IV. The RESPA Issues
Because the en banc court reinstated the panel opinion with respect to the RESPA issues, I briefly summarize below the panel opinion and provide my thoughts on the impact of decision on the industry.
A. Whether RESPA Section 8(c)(2) is an Exemption
As you may recall, Director Cordray’s decision in the CFPB’s enforcement action found that RESPA section 8(c)(2) was not an exemption and thus, PHH violated RESPA section 8(a), even if the payments for reinsurance in the arrangement were reasonably related to the market value. Specifically, Director Cordray stated that, “section 8(c) clarifies section 8(a), providing direction as to how that section should be interpreted, but does not provide a substantive exemption from section 8(a).” He reasoned, in part, that, “reading section 8(c)(2) as an exemption would substantially undermine the protections of section 8,” and that “[i]f section 8(c)(2) permitted compensated referrals, it would “distort the market in ways that the statute as a whole plainly sought to prevent.” Director Cordray reasoned that for section 8(c)(2) to apply, the payment must be “bona fide” and “for services actually performed,” and that “bona fide” in this provision means that the “payment must be solely for the service actually being provided on its own merits, but cannot be a payment that is tied in any way to a referral of business.” Director Cordray essentially found that the term “bona fide” applies to “the purpose of the payment, not to its amount.” The CFPB, defending the enforcement action, argued before the D.C. Circuit that “bona fide” in section 8(c)(2) means that the payment is in “good faith,” i.e., not as a quid pro quo for referrals.
PHH argued that Regulation X, which implements RESPA section 8, treats section 8(c)(2) as an exemption, as it expressly permits payments for services, as long as they are for services actually performed and are reasonably related to the market value of the services.
The panel opinion in the PHH case strongly disagreed with the CFPB’s interpretation of REPSA section 8, describing the issue as “not a close call” and the CFPB’s interpretation as “strained.” The panel opinion held that section 8(c)(2) is an exemption from section 8(a)’s prohibition, rather than an interpretative aid as the CFPB argued, and that section 8(c)(2) permits the captive reinsurance arrangements to the extent the payment does not exceed the reasonable market value. Specifically, the panel opinion stated, “[w]e agree with PHH that Section 8 of the Act allows captive reinsurance arrangements so long as the amount paid by the mortgage insurer for the reinsurance does not exceed the reasonable market value of the reinsurance.”
B. Due Process and HUD’s 1997 Letter
In addition to arguments based on the statutory language, PHH argued that it relied on a prior letter that HUD issued in 1997 specifically addressing captive reinsurance arrangements, in which it stated that such arrangements were permissible under RESPA section 8, as long as the payments were for reinsurance that was actually provided, and were bona fide and not in excess of the value of the reinsurance. Director Cordray had addressed HUD 1997 letter in his decision, finding that the letter “is not in such a form as to be binding on any adjudicator” because it was never published in the Federal Register, and that the letter was “internally inconsistent.”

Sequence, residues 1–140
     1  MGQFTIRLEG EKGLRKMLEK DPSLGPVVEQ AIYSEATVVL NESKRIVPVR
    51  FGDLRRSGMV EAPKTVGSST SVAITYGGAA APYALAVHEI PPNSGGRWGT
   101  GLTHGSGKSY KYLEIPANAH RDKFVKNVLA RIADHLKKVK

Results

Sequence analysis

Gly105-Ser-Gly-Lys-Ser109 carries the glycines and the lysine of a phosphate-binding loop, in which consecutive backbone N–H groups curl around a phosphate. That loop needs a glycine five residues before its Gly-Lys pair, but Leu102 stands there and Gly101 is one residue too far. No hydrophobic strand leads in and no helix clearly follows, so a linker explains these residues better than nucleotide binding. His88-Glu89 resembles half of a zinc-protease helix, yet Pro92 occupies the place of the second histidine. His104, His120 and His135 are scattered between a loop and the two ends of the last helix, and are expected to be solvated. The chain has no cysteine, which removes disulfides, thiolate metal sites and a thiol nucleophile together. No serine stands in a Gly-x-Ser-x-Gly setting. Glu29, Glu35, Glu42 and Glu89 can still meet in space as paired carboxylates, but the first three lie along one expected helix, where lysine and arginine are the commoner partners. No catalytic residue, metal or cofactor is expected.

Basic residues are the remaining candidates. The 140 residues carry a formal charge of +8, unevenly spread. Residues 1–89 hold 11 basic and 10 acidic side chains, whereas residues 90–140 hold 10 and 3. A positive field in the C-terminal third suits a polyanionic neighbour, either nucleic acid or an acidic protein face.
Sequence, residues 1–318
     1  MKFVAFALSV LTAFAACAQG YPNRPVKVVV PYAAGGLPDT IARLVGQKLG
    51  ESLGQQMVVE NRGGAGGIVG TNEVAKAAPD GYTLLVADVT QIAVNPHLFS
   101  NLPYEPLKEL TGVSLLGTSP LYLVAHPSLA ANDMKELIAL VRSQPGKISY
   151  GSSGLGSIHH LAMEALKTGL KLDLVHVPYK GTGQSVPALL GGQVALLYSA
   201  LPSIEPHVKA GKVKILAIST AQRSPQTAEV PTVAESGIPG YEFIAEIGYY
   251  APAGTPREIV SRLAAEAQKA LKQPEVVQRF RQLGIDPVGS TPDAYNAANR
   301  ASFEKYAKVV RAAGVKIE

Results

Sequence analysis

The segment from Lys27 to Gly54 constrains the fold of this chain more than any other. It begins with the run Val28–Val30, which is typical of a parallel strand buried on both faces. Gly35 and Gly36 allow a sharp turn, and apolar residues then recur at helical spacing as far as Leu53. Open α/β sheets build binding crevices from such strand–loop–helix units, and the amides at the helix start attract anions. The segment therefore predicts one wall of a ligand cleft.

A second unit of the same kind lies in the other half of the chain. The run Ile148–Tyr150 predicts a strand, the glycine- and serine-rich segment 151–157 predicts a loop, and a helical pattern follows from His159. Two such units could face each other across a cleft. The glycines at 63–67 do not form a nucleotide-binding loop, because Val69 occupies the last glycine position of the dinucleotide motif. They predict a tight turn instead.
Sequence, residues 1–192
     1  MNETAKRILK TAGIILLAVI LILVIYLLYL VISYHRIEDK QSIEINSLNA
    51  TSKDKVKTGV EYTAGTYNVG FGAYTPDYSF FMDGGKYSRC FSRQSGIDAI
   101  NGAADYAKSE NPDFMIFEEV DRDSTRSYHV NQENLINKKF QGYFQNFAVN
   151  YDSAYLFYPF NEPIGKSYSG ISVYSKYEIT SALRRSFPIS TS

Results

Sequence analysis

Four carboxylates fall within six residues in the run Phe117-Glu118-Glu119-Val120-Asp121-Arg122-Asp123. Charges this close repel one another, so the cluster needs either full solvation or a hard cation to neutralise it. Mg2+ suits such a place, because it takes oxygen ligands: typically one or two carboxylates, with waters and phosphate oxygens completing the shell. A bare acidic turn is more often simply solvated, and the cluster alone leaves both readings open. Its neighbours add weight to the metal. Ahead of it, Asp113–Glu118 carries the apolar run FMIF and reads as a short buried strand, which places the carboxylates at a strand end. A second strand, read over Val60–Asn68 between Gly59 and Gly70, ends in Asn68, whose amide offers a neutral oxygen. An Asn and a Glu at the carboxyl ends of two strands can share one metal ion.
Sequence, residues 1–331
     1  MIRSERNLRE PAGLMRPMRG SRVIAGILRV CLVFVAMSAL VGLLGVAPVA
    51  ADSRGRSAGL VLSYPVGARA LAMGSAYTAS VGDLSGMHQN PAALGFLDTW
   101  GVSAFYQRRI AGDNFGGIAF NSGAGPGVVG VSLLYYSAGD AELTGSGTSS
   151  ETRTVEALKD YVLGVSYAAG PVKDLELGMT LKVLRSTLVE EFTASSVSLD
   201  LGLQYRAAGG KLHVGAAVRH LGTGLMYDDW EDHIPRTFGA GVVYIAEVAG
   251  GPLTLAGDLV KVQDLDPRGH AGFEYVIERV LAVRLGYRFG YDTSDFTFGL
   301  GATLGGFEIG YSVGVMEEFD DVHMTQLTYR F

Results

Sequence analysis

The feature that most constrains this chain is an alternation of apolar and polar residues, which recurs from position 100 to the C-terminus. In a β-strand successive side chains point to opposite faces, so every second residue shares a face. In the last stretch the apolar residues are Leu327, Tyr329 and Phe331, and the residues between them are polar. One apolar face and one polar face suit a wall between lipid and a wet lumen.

The panel opinion found that the CFPB’s retroactive application of a change from HUD’s interpretation of section 8(c)(2) to its own interpretation would be a violation of “Rule of Law 101.” Specifically, the panel opinion held that, “even if the CFPB’s new interpretation were consistent with the statute (which it is not), the CFPB violated due process by retroactively applying that new interpretation to PHH’s conduct that occurred before the date of the CFPB’s new interpretation.” The panel stated that the CFPB’s argument that the HUD letter was not binding confused the due process issue of whether the public could rely on an agency pronouncement with the administrative law issue of deference by courts to agency interpretations. The panel opinion stated that to trigger due process protection, “an agency pronouncement about the legality of proposed private conduct need not have been set forth in a rule preceded by notice and comment rulemaking, or the like.”
The panel found that the fact that HUD’s guidance was provided by “top HUD officials” and was given “repeatedly,” was “sufficient” to justify reliance on the guidance for purposes of due process. Notably, the panel stated that it, “do[es] not imply that those two conditions are necessary to justify citizens’ reliance for purposes of the Due Process Clause.”